By Joe Johnson
Keeping Georgia’s 24 million acres of forestland healthy depends a lot on Mother Nature. Sunshine and growing conditions are critical, yet forest managers rely on another important tool that has a lesser known but important role – fire.
Governor Brian Kemp has declared February 5-11 “Prescribed Fire Awareness Week” in Georgia. Begun in 2005, the observance marks the importance of fire in the landscape as applied by trained practitioners. Prescribed fire’s benefits include the reduction of wildfire risk, improvements in wildlife habitat, and enhancement of reforestation processes.
“Prescribed fire is one of the most important tools for cultivating healthy forestland,” said Georgia Forestry Commission Director Tim Lowrimore. “Prescribed fire protects lives and properties because it clears the forest floor of vegetative debris that can fuel dangerous wildfires, plus it plays a strong role in forest regeneration.”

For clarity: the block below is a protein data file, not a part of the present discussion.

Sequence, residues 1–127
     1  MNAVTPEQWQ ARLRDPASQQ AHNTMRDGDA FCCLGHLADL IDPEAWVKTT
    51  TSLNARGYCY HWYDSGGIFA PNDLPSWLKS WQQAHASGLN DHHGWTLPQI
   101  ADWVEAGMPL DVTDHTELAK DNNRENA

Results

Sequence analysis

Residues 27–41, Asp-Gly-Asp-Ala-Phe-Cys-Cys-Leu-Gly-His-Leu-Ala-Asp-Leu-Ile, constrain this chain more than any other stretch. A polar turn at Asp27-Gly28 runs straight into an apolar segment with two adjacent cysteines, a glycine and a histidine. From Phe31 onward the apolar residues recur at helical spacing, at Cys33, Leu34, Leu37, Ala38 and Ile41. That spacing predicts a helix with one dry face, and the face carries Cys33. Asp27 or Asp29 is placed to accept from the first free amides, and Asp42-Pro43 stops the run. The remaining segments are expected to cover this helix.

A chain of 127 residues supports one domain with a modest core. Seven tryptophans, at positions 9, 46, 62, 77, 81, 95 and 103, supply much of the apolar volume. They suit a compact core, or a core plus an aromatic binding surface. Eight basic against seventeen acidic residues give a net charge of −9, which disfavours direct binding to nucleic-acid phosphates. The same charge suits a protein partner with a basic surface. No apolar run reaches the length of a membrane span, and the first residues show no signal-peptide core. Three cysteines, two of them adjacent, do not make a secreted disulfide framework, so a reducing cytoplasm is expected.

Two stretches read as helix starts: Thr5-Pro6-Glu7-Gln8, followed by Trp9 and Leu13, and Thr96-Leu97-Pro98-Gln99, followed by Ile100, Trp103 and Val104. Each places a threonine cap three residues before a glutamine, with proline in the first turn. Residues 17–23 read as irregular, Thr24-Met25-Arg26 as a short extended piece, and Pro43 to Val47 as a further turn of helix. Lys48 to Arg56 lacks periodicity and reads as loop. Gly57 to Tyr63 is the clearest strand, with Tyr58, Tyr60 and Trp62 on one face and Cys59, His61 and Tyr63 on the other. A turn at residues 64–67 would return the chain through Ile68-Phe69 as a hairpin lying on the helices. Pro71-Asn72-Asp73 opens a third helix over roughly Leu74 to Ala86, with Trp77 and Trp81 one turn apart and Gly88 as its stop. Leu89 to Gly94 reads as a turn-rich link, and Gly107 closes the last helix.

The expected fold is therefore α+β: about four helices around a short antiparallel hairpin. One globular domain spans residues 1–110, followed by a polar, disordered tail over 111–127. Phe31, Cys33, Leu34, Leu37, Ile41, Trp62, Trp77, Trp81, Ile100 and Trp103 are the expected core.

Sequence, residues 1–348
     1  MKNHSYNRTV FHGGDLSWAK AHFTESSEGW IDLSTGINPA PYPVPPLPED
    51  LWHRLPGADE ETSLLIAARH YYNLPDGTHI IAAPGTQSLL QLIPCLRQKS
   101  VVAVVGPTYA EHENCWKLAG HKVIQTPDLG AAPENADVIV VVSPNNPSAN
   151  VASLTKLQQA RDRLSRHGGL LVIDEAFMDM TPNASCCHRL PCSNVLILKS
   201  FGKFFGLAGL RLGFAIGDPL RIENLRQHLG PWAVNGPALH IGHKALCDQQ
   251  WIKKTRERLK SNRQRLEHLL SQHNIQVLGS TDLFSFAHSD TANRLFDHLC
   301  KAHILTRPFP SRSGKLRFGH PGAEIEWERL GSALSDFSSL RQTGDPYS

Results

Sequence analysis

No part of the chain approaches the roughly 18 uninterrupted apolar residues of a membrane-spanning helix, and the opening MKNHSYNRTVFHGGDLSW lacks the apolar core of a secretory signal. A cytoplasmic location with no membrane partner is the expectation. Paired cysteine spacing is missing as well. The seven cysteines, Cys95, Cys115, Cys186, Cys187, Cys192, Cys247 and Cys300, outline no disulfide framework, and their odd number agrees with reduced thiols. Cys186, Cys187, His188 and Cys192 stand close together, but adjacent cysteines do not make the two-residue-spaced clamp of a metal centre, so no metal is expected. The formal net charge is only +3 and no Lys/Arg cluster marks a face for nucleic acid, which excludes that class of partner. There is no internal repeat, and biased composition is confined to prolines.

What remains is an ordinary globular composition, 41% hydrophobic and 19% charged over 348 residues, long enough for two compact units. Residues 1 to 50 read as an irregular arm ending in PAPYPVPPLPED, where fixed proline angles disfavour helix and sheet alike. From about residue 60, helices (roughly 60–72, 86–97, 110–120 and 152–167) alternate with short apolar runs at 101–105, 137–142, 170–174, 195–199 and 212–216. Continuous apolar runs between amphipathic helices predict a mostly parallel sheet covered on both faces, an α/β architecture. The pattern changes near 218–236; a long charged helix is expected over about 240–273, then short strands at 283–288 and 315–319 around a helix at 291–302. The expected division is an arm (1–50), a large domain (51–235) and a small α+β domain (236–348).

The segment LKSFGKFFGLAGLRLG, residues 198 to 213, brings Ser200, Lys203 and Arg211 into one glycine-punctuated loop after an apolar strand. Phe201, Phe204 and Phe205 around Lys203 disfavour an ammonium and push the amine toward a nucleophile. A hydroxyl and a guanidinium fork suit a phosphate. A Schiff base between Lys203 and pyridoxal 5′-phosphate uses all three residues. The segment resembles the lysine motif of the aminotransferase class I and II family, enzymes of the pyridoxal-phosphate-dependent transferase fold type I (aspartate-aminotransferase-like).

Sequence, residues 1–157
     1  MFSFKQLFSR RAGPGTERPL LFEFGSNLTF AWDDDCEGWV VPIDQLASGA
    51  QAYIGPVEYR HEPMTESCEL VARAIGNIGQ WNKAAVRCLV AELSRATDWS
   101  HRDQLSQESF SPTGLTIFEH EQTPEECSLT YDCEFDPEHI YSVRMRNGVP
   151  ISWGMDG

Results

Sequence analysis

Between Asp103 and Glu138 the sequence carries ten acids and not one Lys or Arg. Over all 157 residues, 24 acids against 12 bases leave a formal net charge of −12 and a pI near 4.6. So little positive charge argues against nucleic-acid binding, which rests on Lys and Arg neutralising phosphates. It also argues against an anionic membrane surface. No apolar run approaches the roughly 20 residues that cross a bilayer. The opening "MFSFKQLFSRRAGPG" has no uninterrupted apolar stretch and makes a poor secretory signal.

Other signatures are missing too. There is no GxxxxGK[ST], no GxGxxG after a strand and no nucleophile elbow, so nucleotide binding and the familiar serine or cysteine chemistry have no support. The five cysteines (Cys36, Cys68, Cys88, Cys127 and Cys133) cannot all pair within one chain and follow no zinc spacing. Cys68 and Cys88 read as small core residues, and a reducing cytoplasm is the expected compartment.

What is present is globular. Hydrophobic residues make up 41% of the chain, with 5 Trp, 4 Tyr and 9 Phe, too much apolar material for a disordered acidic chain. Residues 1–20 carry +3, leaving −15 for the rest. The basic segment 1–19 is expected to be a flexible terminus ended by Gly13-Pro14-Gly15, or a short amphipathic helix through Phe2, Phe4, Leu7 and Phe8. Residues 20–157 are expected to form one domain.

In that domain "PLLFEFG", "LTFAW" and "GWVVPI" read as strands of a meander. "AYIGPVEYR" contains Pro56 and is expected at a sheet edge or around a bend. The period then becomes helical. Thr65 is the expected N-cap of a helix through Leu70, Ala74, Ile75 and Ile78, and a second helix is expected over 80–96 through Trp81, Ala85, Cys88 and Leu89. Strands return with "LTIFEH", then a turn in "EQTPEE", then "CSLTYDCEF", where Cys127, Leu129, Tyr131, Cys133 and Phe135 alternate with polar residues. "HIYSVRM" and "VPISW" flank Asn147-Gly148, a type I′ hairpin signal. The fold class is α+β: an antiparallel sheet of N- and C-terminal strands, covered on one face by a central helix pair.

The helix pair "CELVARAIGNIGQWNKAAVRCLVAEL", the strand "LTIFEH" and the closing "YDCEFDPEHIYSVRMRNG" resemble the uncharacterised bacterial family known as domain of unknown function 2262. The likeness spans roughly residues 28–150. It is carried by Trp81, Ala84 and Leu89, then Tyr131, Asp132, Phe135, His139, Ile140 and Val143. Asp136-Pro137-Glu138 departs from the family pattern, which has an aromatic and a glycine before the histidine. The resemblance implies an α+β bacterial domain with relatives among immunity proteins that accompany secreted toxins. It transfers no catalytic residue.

Georgia Department of Natural Resources (DNR) CommissionerMark Williams said last year DNR’s Wildlife Resources Division burned more than 75,000 acres on state-managed land, a record high for the agency.
“Prescribed fire is one of the best, most cost-effective tools for conserving and restoring fire-adapted habitats,” Williams said. “The bottom line is that prescribed burning is a safe way to apply a natural process, ensure the health of Georgia’s ecosystems and reduce the risk of wildfire.”
Many songbirds, white-tailed deer, and the endangered red cockaded woodpecker are fire-dependent species. Georgia’s native long leaf pine ecosystem is reliant on fire as well.
Annually over one million acres of forestland are prescribe-burned across the state, with a five-year average of 1.25 million acres.